Unsolicited Free Audio Advice

Attributions For Above Picture

Looking for advice on your next system? No? Too bad. Here it is.

Modern codecs (A/D & D/A converters) are 24 bit 192 kHz and a dime a dozen. You can’t get much better than that as far as noise and dynamic range are concerned. So the most effective place you can spend your money is in an easy to use receiver, the Speakers, and amplifiers. I say easy to use because many receivers are designed by UI buffoons. They are the intersection point of a system and ease of use and setup are at the top of my list.

Tube amplifiers have distortion that is more natural to the human ear. Class A amps are low-power and inefficient, but have the lowest distortion (most linear) if designed correctly. Don’t waste money on over-priced amps marketed with pseudoscience. The little distortion present in most modern amplifers isn’t really enough to fret over. If you think you can hear the difference, there are lots of folks like this guy offering $10K if you can in a blind test. Avoid the snake-oil vendors.

Now for some honest money saving advice and maybe a little toe stepping.

Bose is an interesting manufacturer. They have a well documented history of spending most of their money on marketing and almost none on research. Perfectly legal but I’d rather spend money on quality than marketing. Case in point: the Bose wave radio which is based on research from the 1920’s. It has one narrow resonance band at low frequencies that gives it its “full” sound. I have very little respect for Bose. They have some good stuff here and there, but it all carries the heavy Bose marketing tax.

Don’t waste your money on $700 power cords or expensive power conditioners/surge suppressors. They are pseudoscience BS but perfectly legal, like most of the herb and supplement market, and magnetic bracelets, etc. Nothing is gonna make it through the transformers, buck/boost converters, regulators, and capacitors that you are going to hear. Buy a $20 surge suppressor.

Also on $200 cables. If your system sounds better with one of these cables its probably because it is masking a ground loop that shouldn’t be there in the first place. Eliminate the ground loop first. You shouldn’t have to spend more money on 0-20kHz than the RF engineers spend on 1-2 GHz cable and connectors. This is a blatant ripoff also. Moving any signal in the audio range just doesn’t take that much effort to avoid noise and signal loss. Its actually laughable they get away with it. I could hook up your receiver with a coathanger and you couldn’t hear the difference. Speaker cables are the exact same. Oxygen free is BSt also. Buy something durable that is easy to tidy up.

As far as speakers in the home goes, there are great “practical” speakers that mount in the wall and use the space behind it as an enclosure. These usually sound great and because they use of the wall as a large “invisible” baffle. Speakers are the place you should spend your money. Sound for a home theater is considered “near field” and its actually 10 times easier to accomplish great sound here than filling a large space like a gymnasium or auditorium, where you need high-power drivers with specially designed horns for directivity. There is no need to spend thousands on a set of home speakers. I typically look at the specs (like Xover points, flat frequency response, and decent crossover design) and take a listen to make my decision. JBL’s are well designed, but you pay for that and then some.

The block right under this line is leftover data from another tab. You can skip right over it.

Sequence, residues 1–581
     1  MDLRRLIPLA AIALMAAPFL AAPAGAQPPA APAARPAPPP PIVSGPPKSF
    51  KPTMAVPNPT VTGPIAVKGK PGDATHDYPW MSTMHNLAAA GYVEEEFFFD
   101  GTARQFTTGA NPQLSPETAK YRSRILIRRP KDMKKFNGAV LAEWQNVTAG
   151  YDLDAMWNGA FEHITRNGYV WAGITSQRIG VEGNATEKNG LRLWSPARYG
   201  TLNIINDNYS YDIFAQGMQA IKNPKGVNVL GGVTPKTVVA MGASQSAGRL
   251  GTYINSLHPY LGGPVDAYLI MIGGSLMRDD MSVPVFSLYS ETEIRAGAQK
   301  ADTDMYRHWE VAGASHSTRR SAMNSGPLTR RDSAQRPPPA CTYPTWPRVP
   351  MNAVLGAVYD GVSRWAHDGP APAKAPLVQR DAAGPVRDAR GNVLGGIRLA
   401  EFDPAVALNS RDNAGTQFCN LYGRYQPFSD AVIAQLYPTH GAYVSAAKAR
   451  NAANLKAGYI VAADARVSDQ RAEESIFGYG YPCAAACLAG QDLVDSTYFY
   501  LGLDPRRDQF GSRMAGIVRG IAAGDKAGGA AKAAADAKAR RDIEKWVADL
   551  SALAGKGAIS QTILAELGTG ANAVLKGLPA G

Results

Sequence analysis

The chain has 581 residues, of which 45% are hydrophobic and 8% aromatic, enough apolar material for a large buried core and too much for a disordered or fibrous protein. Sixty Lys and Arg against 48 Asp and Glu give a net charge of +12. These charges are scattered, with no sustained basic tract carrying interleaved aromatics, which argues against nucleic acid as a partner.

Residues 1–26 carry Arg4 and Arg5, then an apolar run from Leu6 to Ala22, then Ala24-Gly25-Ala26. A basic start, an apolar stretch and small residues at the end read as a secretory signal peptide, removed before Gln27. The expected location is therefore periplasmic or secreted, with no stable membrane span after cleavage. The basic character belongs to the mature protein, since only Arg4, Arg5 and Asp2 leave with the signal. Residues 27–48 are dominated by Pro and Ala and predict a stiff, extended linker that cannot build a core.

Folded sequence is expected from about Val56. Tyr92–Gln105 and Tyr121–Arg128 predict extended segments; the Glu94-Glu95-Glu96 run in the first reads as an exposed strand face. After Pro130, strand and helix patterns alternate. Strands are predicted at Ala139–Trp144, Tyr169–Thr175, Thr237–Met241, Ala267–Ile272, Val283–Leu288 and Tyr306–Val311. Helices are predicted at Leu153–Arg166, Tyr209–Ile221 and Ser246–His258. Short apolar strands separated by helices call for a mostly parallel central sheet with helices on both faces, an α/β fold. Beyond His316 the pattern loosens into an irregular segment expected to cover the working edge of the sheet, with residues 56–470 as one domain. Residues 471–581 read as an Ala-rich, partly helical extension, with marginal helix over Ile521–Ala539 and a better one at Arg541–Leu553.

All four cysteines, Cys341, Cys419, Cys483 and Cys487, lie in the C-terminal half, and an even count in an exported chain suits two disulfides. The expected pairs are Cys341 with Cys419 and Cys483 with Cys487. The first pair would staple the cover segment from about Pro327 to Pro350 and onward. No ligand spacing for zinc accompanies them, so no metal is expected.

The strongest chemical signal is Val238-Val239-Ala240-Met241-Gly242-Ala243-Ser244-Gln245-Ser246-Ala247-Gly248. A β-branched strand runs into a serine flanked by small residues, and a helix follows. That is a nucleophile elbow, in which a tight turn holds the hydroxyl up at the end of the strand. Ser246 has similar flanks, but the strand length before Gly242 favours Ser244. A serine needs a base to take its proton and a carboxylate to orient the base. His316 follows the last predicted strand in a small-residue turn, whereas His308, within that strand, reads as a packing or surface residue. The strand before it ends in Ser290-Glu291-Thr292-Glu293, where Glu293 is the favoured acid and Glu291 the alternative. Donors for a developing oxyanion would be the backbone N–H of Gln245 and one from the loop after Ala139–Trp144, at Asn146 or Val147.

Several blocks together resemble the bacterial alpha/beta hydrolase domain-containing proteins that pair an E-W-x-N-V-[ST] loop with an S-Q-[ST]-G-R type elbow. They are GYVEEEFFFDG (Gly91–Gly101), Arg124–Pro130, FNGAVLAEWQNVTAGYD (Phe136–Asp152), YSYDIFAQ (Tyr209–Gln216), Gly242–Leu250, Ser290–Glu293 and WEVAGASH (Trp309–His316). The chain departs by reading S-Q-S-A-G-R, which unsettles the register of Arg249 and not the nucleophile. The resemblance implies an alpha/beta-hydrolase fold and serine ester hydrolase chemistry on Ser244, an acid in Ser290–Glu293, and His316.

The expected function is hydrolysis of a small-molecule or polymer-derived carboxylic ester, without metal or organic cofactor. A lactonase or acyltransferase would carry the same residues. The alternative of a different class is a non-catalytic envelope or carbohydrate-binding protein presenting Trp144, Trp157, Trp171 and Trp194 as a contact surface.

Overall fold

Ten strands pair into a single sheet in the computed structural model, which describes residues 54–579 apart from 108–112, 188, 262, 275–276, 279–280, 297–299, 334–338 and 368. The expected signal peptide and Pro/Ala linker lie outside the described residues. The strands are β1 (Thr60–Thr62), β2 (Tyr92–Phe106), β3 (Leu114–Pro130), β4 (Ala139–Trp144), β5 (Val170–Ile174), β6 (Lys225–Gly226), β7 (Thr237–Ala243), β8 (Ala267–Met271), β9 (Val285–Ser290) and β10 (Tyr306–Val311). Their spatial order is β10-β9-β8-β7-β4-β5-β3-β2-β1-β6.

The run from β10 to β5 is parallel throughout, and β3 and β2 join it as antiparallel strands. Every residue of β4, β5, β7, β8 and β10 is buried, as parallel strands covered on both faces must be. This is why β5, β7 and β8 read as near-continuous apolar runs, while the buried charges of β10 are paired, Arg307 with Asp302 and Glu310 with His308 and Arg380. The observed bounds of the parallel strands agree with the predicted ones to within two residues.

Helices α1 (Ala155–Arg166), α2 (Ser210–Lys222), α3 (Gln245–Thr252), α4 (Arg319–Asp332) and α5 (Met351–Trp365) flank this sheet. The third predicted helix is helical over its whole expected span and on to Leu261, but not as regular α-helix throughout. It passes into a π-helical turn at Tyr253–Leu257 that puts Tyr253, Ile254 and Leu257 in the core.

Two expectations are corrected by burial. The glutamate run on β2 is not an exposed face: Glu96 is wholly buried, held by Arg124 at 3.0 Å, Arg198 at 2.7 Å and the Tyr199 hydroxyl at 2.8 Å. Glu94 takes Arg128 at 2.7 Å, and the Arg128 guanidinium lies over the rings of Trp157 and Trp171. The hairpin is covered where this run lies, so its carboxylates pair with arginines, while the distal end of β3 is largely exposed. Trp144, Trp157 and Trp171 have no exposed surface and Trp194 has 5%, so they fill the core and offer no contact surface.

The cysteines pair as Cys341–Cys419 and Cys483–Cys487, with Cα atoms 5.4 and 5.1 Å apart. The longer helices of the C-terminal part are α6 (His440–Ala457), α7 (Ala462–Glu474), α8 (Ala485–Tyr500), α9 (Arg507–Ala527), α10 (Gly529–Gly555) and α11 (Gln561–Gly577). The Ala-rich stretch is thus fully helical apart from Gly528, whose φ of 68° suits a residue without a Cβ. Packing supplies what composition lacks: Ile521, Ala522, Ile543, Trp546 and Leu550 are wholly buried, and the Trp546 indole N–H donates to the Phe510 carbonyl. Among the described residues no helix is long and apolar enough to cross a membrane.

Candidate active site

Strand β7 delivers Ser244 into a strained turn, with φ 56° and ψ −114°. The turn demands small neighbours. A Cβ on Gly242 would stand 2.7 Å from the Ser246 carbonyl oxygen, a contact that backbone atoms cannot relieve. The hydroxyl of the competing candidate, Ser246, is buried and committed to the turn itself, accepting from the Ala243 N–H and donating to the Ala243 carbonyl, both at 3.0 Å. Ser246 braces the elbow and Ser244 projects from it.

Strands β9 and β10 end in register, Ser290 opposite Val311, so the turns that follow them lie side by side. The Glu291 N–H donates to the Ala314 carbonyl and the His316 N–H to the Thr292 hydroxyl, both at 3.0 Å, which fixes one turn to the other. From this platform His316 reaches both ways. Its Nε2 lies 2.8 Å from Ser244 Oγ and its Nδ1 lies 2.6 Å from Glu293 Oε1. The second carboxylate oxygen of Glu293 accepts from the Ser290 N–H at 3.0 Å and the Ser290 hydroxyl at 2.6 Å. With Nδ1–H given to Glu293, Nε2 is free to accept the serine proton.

I have heard some great chinese knockoffs from distributers like MCM. Here they are so cheap you can buy before you try. If you don’t like them, put them in the garage system. Get a good powered sub and you are set.

The things that can make or break a sound system are ground loops (buzz) caused by incorrect grounding, poor gain structure (distortion and hiss are present), crappy speakers, and an EQ that is incorrect. A good parametric EQ set using a dual channel spectrum analyzer is ideal, but not totally necessary if you choose the right speakers. You can’t set an EQ by listening to it. You can turn up/down the sizzle or the bass to your liking after the system is “flattened” however. Many people put in a “theater curve” by putting in a -3dB/octave dropoff after 2kHz after “flattening”.

I’ve stepped on a few toes, maybe even made an error or two. If you’re angry or dissatisfied with this post I am offering you a full refund. Otherwise feel free to respond with corrections.

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6 Responses to “Unsolicited Free Audio Advice”

  1. Davide Says:

    Hi there,

    sorry not the right place to contact you but the PM on hte SparkFun website does not seem to work. I have an issue with openocd and libftd2xx.so that you seem to have solved few months ago. I would really appreciate if you could share your solution with me.
    Thanks. Davide

  2. electronjunkie Says: